The U.S. Census Bureau will rely on a multimillion-dollar advertising campaign, a hiring spree and partnerships to tackle a stubborn problem ahead of the 2020 census: getting a complete count of African-Americans.
There is a lot at stake with the once-a-decade count for Georgia, where nearly a third of the population is black. The census helps determine how many congressional seats a state gets and where more than $675 billion in federal funding is distributed, impacting the economy, housing, public education, transportation and health care.
“We want to count everybody once — and only once — and in the right place,” said Marilyn Stephens, assistant regional census manager for the bureau’s Atlanta regional office. “Our goal is always 100 percent.”
For the 2010 census, the bureau undercounted the U.S. black population by 2.1% across the nation, up from the 1.8% undercount in the 2000 census. In contrast, the agency overcounted the white population by 0.8% in 2010.
African-Americans are more difficult to count because of apathy, privacy concerns, fear of repercussions and distrust of government, according to the Census Bureau.
A national media campaign totaling $200 to $250 million will address those concerns. For example, the bureau will emphasize that census responses are confidential and cannot be shared with law enforcement. Bureau employees must protect the information or face up to five years in prison and $250,000 in fines.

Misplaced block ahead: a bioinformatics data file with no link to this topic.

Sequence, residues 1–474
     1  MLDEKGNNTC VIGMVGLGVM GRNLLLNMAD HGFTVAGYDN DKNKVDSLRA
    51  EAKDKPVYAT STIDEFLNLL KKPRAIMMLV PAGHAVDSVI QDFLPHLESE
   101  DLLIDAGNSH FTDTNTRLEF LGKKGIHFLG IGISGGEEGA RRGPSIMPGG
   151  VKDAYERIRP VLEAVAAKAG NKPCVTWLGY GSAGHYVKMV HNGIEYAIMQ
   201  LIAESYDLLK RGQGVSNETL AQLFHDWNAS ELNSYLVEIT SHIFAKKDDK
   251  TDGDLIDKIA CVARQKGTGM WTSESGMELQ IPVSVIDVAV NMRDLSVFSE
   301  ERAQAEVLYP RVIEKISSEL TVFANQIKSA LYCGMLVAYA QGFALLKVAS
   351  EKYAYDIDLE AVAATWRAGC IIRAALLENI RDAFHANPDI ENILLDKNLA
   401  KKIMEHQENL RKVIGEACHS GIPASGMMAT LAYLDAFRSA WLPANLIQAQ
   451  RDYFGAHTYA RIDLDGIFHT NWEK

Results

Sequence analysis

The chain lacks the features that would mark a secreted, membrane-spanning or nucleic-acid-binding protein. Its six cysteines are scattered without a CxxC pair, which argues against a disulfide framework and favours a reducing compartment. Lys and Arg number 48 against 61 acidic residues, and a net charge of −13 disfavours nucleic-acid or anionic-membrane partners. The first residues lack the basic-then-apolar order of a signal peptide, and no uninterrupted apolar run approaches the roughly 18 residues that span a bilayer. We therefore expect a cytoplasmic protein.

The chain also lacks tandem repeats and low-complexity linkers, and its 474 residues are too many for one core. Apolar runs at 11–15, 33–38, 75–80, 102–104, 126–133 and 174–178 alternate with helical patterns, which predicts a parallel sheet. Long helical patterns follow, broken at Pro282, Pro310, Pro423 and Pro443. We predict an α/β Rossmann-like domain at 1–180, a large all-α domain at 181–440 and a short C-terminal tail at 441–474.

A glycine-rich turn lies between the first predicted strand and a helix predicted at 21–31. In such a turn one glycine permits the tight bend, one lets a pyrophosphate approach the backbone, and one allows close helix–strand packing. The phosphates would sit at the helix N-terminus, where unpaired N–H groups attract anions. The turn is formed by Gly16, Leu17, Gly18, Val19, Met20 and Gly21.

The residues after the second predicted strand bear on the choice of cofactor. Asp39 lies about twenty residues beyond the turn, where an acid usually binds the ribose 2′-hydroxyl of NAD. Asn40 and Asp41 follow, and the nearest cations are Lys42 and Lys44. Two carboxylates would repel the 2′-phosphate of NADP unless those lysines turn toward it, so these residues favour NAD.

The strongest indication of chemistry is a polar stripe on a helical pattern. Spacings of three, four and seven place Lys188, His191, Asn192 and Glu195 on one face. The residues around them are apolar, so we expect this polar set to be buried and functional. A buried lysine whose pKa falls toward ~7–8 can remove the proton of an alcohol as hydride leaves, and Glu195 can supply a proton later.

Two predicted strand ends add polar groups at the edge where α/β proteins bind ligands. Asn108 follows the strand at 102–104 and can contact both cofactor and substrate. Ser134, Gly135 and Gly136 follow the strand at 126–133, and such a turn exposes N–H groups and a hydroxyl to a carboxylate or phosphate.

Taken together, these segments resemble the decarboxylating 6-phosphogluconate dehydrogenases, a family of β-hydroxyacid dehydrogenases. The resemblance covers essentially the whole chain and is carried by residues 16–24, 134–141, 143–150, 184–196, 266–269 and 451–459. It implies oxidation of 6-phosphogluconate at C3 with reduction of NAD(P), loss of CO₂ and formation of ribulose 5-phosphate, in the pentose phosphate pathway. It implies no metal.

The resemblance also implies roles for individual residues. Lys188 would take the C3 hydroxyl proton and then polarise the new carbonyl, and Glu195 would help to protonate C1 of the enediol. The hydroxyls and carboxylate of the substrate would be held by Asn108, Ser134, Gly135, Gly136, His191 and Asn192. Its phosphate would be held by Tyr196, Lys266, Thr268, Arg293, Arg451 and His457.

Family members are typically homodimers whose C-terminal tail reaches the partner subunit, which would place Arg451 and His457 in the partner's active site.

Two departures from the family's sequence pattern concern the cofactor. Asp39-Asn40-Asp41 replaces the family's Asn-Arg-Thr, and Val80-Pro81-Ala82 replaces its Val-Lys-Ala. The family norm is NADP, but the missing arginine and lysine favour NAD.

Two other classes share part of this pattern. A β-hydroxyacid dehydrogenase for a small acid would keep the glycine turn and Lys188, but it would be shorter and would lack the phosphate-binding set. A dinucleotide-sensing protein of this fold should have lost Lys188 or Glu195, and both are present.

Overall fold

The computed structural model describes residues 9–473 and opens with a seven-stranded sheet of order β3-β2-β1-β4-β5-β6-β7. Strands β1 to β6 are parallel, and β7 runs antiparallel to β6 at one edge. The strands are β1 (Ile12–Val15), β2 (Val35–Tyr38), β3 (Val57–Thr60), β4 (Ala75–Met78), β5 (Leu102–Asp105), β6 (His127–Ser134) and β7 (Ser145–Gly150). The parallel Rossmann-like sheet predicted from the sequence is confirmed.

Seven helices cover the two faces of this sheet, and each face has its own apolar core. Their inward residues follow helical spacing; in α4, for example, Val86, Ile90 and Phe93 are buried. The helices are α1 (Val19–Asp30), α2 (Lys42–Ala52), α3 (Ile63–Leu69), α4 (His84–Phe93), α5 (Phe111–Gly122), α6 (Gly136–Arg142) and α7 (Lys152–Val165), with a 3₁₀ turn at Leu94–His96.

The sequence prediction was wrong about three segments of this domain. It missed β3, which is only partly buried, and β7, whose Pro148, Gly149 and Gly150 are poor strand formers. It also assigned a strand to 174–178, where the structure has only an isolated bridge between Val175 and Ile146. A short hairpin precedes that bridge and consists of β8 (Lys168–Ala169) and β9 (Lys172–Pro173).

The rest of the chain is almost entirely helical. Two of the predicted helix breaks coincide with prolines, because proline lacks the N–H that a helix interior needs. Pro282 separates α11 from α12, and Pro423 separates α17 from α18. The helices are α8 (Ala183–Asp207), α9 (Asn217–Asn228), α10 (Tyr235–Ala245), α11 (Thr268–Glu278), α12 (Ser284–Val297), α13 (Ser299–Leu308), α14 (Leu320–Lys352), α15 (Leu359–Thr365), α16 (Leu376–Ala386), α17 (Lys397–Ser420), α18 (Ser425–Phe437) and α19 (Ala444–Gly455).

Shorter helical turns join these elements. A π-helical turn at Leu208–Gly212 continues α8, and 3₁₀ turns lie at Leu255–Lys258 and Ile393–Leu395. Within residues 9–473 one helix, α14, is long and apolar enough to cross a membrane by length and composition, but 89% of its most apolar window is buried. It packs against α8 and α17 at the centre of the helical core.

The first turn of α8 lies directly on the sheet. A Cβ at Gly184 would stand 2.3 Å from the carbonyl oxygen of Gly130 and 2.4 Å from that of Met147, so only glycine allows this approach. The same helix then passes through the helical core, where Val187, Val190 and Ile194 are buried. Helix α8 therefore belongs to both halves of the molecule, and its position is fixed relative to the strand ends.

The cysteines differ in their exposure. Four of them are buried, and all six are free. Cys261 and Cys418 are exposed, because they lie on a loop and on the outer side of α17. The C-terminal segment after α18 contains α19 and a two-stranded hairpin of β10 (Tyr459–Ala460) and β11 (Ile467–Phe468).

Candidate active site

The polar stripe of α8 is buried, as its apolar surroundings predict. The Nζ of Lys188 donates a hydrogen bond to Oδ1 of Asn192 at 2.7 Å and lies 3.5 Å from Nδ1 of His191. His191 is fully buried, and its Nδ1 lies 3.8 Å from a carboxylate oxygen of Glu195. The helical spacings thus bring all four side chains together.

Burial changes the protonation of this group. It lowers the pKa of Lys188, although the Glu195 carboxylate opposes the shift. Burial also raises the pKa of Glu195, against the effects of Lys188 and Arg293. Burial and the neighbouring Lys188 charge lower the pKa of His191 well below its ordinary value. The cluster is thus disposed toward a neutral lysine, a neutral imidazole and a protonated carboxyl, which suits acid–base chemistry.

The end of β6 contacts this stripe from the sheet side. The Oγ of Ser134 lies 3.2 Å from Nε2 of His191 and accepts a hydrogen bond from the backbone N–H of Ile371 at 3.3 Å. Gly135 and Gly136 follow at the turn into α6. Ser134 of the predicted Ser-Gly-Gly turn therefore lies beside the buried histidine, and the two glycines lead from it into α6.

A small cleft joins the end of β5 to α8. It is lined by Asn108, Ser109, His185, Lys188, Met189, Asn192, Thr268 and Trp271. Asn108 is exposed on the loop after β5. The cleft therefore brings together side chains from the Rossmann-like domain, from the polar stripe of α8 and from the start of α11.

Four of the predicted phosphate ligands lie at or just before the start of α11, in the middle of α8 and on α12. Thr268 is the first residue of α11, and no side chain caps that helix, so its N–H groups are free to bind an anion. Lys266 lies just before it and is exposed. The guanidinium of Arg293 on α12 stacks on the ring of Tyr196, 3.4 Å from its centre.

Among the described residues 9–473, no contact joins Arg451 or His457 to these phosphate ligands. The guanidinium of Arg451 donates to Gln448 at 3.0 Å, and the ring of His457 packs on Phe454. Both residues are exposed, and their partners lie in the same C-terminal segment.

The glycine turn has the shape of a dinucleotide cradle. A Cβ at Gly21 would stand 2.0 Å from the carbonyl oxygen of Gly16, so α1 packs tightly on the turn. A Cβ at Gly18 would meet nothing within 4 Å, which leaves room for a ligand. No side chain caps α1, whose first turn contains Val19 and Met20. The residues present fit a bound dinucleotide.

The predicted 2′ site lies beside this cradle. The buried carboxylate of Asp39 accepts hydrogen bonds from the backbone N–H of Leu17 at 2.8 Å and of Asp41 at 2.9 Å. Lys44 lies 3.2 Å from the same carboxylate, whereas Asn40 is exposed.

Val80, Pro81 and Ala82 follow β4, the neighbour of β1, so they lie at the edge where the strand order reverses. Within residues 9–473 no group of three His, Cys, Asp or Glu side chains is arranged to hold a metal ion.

The bureau also is seeking to hire 500,000 temporary workers across the nation in 2020. Up to 2,900 of them will be hired in the Atlanta area, including office staff and census takers who will visit households that do not respond to the survey.
Also, the agency is teaming up with local census booster groups and African-American advocacy organizations, including Black Men Count, an initiative of former U.S. Attorney General Eric Holder and former Democratic gubernatorial nominee Stacey Abrams.
“It is about representation. It is about making sure that our communities have access to resources,” said Ryan Wilson, co-chairman of Black Men Count and co-founder and CEO of The Gathering Spot, a private membership club in Atlanta. “If we do it correctly, it gives us the opportunity to truly have a voice in our community.”
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